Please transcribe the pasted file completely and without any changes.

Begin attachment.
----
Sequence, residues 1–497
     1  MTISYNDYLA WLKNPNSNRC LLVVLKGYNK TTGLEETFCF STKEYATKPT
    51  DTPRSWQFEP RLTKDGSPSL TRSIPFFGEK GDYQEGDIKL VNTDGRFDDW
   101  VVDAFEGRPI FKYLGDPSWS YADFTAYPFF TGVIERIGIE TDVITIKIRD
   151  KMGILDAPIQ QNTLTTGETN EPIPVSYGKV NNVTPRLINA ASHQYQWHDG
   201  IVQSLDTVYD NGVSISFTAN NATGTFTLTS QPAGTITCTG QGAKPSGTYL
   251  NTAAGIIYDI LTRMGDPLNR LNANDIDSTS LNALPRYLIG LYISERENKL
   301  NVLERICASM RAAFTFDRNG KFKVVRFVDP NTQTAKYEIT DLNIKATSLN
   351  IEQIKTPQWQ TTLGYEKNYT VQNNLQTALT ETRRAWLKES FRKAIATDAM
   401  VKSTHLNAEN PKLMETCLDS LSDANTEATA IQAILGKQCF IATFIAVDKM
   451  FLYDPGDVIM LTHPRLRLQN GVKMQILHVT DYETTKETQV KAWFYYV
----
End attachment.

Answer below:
Sequence, residues 1–497
     1  MTISYNDYLA WLKNPNSNRC LLVVLKGYNK TTGLEETFCF STKEYATKPT
    51  DTPRSWQFEP RLTKDGSPSL TRSIPFFGEK GDYQEGDIKL VNTDGRFDDW
   101  VVDAFEGRPI FKYLGDPSWS YADFTAYPFF TGVIERIGIE TDVITIKIRD
   151  KMGILDAPIQ QNTLTTGETN EPIPVSYGKV NNVTPRLINA ASHQYQWHDG
   201  IVQSLDTVYD NGVSISFTAN NATGTFTLTS QPAGTITCTG QGAKPSGTYL
   251  NTAAGIIYDI LTRMGDPLNR LNANDIDSTS LNALPRYLIG LYISERENKL
   301  NVLERICASM RAAFTFDRNG KFKVVRFVDP NTQTAKYEIT DLNIKATSLN
   351  IEQIKTPQWQ TTLGYEKNYT VQNNLQTALT ETRRAWLKES FRKAIATDAM
   401  VKSTHLNAEN PKLMETCLDS LSDANTEATA IQAILGKQCF IATFIAVDKM
   451  FLYDPGDVIM LTHPRLRLQN GVKMQILHVT DYETTKETQV KAWFYYV